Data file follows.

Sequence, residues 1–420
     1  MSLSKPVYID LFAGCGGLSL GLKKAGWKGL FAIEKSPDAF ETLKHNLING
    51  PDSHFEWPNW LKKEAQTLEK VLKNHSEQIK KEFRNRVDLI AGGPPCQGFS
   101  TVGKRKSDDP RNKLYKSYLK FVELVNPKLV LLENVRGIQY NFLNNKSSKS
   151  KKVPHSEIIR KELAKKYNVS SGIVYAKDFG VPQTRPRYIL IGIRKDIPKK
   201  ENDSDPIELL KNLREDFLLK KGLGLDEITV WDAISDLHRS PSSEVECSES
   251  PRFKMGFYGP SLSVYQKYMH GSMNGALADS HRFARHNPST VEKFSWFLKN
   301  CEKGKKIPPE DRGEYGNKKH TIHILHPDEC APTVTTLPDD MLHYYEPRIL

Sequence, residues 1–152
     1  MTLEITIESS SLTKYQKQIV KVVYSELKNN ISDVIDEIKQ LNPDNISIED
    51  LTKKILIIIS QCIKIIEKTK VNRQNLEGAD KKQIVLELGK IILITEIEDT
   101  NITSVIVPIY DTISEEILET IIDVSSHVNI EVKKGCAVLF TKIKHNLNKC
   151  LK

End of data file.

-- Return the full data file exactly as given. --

Sequence, residues 1–420
     1  MSLSKPVYID LFAGCGGLSL GLKKAGWKGL FAIEKSPDAF ETLKHNLING
    51  PDSHFEWPNW LKKEAQTLEK VLKNHSEQIK KEFRNRVDLI AGGPPCQGFS
   101  TVGKRKSDDP RNKLYKSYLK FVELVNPKLV LLENVRGIQY NFLNNKSSKS
   151  KKVPHSEIIR KELAKKYNVS SGIVYAKDFG VPQTRPRYIL IGIRKDIPKK
   201  ENDSDPIELL KNLREDFLLK KGLGLDEITV WDAISDLHRS PSSEVECSES
   251  PRFKMGFYGP SLSVYQKYMH GSMNGALADS HRFARHNPST VEKFSWFLKN
   301  CEKGKKIPPE DRGEYGNKKH TIHILHPDEC APTVTTLPDD MLHYYEPRIL

Sequence, residues 1–152
     1  MTLEITIESS SLTKYQKQIV KVVYSELKNN ISDVIDEIKQ LNPDNISIED
    51  LTKKILIIIS QCIKIIEKTK VNRQNLEGAD KKQIVLELGK IILITEIEDT
   101  NITSVIVPIY DTISEEILET IIDVSSHVNI EVKKGCAVLF TKIKHNLNKC
   151  LK